The Holy Spirit will provide us with new bodies and an inheritance when we finally get to heaven, but we have a sealing in the Holy Spirit right now which promises and guarantees that this inheritance is ours and is waiting for us.
It is like a deposit, says Paul. God has made a purchase, and just to prove that He is going to follow through on His purchase. He has made a down payment. He has given a deposit in the form of the Holy Spirit.
When we buy a car or a house, we make a deposit. We give a down payment. This tells the seller that we are promising to buy it. That is what God has done here. He has given a deposit to us. He has promised that what He has begun, He will finish.
It is also interesting to note that the Greek word here for deposit is the modern Greek word for an engagement ring. And we all know what an engagement ring means. it is like a deposit. It means that two people are promised to each other or pledged to be married. God has promised to come for us and make us heirs of Himself. This deposit guarantees our inheritance in heaven. The deposit is a little bit of heaven here on earth.
Also in Ephesians 1:14, there’s the inheritance that awaits us in heaven, and there’s the redemption of our bodies. We looked at redemption previously when we considered verse 7, and Paul is just reminding us of the similar idea here. We are heirs of God and co-heirs with Jesus Christ. We have been redeemed from our captivity to sin, and because of the sealing of the Holy Spirit, we will also experience the redemption of our bodies. We have been delivered from the penalty of sin, the power of sin, and ultimately, finally, eventually, when we receive our new bodies in eternity, we will be delivered from the presence of sin.
As great as the gift of the Holy Spirit is, He is only a deposit, a foretaste, a small glimpse of the beauty, glory, greatness, and majesty that awaits us in eternity with the redemption of our bodies.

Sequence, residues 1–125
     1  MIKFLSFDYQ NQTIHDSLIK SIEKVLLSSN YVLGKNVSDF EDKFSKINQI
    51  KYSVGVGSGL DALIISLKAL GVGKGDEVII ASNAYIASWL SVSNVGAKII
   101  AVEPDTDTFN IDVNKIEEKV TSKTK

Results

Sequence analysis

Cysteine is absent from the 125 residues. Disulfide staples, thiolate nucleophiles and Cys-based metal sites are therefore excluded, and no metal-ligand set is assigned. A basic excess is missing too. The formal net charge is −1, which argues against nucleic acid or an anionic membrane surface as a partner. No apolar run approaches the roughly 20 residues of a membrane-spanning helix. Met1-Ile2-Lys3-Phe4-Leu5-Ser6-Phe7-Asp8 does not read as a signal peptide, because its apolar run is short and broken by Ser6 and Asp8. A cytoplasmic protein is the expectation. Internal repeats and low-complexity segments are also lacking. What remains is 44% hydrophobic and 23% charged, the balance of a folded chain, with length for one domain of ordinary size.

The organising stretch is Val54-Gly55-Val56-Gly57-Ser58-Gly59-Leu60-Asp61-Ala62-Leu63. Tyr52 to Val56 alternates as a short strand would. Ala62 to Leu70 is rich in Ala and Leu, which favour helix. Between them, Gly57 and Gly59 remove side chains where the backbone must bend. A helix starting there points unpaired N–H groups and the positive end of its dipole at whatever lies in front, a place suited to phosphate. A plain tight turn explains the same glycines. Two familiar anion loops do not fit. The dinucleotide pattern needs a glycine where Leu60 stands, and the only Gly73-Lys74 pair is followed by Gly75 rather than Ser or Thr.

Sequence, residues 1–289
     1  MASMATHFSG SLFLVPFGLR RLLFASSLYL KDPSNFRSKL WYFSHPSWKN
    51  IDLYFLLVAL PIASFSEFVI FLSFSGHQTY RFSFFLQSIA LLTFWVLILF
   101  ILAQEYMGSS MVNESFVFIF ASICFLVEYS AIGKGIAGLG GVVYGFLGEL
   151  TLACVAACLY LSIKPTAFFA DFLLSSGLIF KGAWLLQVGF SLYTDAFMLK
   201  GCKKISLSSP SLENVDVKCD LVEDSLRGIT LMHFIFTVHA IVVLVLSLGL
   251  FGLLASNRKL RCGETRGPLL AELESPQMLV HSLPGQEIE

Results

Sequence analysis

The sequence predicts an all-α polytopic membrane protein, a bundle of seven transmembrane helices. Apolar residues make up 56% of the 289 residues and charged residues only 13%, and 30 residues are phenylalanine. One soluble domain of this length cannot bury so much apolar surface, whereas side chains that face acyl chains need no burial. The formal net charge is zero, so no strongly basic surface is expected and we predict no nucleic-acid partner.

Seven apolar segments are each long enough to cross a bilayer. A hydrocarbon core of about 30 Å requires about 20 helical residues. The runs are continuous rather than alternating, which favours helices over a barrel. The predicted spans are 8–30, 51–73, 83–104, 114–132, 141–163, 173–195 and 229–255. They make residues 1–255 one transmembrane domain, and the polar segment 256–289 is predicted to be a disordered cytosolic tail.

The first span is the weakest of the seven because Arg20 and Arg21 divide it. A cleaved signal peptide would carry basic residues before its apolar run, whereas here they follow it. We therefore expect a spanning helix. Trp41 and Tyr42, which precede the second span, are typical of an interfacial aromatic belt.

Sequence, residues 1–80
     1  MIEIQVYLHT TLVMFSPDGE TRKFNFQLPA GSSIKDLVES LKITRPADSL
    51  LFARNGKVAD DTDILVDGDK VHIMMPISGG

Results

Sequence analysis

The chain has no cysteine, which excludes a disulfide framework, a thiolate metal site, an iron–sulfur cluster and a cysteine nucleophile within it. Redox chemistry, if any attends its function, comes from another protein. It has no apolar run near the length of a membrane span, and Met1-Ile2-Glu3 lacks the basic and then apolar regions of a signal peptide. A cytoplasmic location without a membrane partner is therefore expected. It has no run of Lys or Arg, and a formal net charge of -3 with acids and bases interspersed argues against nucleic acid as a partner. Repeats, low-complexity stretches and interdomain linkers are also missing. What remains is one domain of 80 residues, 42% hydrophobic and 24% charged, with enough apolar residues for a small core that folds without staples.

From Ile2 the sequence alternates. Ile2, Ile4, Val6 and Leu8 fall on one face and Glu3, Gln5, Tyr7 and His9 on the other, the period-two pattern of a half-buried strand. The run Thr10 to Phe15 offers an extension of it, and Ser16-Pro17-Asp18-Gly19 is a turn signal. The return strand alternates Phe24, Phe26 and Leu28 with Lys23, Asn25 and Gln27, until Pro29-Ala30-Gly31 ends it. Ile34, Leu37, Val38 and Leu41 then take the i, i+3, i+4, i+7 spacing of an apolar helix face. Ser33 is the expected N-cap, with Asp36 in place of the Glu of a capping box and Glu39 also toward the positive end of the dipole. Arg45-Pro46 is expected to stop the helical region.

And once again, just in case we forgot, Paul tells us that this is to the praise of His glory. It is all for God’s glory. Not ours. It is for God’s glory alone that He is giving these wonderful riches to us.
Paul has made us aware of three incredible riches that we have in Jesus. We have Security from the Father. He has promised to make us holy and make us heirs. Second, we have Salvation from the Son, and today we have seen that we have Sealing from the Holy Spirit.
There once was a woman who sought out a Christian marriage counselor because her marriage was about to dissolve. “We have so much!” she kept saying. “Look at this diamond ring on my finger. It’s worth thousands! We have an expensive mansion in an exclusive area and a summer home in France. We have three brand new cars. Why, we have everything money can buy! We have so much! Why is our marriage falling apart?”
The counselor replied; “It’s good to have the things money can buy provided you don’t lose the things money can’t buy. What good is an expensive house if there is no home? Or an expensive ring if there is no love?”
This is the way many Christians live as well. Especially here in the United States. We look around at the wealth and privilege and prosperity of many American Christians, and we say, “We have so much!” But in our most honest moments we think, “But where is the love? Why do we have so much but lack love? Why are our families and churches falling apart?”
The reason is because we have not learned to live in light of the Security we have from the Father, the Salvation we have from the Son, and the Sealing we have in the Holy Spirit.
Paul has talked about these three gifts in verses 3-14. Just like that women whose marriage was on the rocks, the American church has so much, but what good is everything if we are now aware of what really matters. Of course, like all possessions, it’s not enough just to have them, they need to be used.
We will begin to learn more about our spiritual possessions next week and how we can begin to draw on them.